Then, also, commonly being fed quite infrequently after being used to getting constant nourishment inside the womb. Being left alone in a bed by himself, sometimes to cry pitifully, after being next to his mother and hearing her breathing and heartbeat 24/7 before birth.

How then can this transition be eased? Certainly the baby eventually needs to learn to be independent of his mother and how to sleep by himself and not eat constantly, but just because these things need to be learned eventually doesn’t mean that the transition has to happen immediately. Nor does a gradual transition mean that the child will never learn to do those things.

Choosing a gentle, natural birth when possible can help ease the immediate womb to air transition because the baby is receiving the proper hormones that he was created (or evolved) to receive during this transition. Having dim lights can help the transition from dark to light. Not cutting the cord immediately can help ease the transition from being underwater to breathing air by not cutting off the baby’s supply of oxygenated blood prematurely and allowing him to receive his full blood supply rather than depriving him of up to 40% of it with an immediate cord clamping. Keeping the cord intact for a while also means that the mother gets to hold the baby for a little while before he is whisked away for a newborn exam thus easing his transition from birth to being weighed and measured and poked and prodded by strangers.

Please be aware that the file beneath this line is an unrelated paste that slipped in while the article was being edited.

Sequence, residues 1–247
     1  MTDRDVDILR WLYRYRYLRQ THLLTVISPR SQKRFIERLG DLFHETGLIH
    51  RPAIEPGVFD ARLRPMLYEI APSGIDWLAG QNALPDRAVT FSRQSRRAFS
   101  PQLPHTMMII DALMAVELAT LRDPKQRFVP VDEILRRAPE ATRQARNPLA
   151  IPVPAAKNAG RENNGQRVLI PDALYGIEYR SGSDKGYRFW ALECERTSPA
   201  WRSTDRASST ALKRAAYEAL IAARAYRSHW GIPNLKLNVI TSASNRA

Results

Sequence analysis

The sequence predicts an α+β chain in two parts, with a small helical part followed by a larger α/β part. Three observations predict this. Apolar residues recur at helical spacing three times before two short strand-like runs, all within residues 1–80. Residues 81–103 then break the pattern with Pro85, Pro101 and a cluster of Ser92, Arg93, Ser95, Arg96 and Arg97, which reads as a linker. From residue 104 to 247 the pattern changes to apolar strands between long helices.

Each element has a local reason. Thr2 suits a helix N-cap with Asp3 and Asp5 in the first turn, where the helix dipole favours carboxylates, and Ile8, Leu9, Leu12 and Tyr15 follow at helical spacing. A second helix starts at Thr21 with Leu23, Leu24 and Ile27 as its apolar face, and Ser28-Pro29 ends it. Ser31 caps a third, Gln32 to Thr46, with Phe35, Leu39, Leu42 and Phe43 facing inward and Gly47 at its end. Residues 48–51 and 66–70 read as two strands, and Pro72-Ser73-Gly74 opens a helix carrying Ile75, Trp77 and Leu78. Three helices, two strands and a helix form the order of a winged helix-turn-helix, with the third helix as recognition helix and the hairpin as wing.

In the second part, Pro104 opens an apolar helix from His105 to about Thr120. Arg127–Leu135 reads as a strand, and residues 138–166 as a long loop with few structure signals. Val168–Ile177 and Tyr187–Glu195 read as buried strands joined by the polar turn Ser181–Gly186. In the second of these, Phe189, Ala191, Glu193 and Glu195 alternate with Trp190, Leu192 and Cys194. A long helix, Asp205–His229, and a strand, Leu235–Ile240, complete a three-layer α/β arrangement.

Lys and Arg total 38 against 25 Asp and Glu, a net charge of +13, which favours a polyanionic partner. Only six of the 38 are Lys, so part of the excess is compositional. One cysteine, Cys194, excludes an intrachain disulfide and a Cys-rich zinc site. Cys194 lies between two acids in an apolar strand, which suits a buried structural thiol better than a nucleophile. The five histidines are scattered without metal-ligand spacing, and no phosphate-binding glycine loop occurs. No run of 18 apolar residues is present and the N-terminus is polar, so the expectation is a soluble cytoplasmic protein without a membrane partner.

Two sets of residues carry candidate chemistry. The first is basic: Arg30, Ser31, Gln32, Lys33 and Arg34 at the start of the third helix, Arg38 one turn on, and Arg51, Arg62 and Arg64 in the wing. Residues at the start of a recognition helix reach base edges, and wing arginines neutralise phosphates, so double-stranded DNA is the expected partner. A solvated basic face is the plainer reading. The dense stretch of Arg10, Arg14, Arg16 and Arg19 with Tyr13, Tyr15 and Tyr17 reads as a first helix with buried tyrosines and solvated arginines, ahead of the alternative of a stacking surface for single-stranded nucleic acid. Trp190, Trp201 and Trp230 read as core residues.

Choosing to leave the baby boy with his whole body instead of chopping off a perfectly healthy and normal part of his anatomy not only prevents all the risks that every surgery inherently possesses, but also allows him to grow up with the knowledge that his body is perfect the way it is and doesn’t need to be altered to fit an outdated cultural fad – to “fit in” with only half the boys in the current American generation. Just because his father had a body part amputated, doesn’t mean the son needs to have that same body part amputated. If daddy has brown eyes and son has blue, will daddy wear blue contacts so his son’s eyes will “match?”

Choosing to hold or wear the baby as much as possible and keep a new baby’s crib or cradle in your bedroom – maybe even to co-sleep for a time – helps to ease the transition from being with mom 24/7 to getting used to being with other people and eventually by himself.

Nursing on demand helps to ease the transition from getting constant nourishment to eating only periodically with greater lengths of time between feedings gradually over the first few years. Everyone knows how much toddlers need to snack still and they’ve been born for a while! Nobody I know looks at the clock before eating to determine whether or not they’re hungry – why would we look at the clock to determine whether a newborn baby is hungry? They’re used to eating all the time – of course they’re hungry extremely frequently, especially for the first few months of their lives!

Babies’ needs and wants are the same for the first few months at least – I believe that it’s really on us, as parents, to make sure that all of our babies’ needs are met. They do not only need nourishment and to be comfortable physically, but they need help through their transition. They need us to be responsive and to try and help them to navigate this extremely difficult transition as smoothly as possible. I believe that the more smoothly it goes for them, the easier it will be for us as well.